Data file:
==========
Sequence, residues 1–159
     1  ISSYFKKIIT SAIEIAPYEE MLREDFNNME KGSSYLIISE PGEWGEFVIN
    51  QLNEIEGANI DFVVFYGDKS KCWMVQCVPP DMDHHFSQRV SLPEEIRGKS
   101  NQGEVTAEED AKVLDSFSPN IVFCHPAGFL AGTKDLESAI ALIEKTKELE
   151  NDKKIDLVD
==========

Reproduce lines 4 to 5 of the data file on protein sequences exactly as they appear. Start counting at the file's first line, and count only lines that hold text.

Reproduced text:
   101  NQGEVTAEED AKVLDSFSPN IVFCHPAGFL AGTKDLESAI ALIEKTKELE
   151  NDKKIDLVD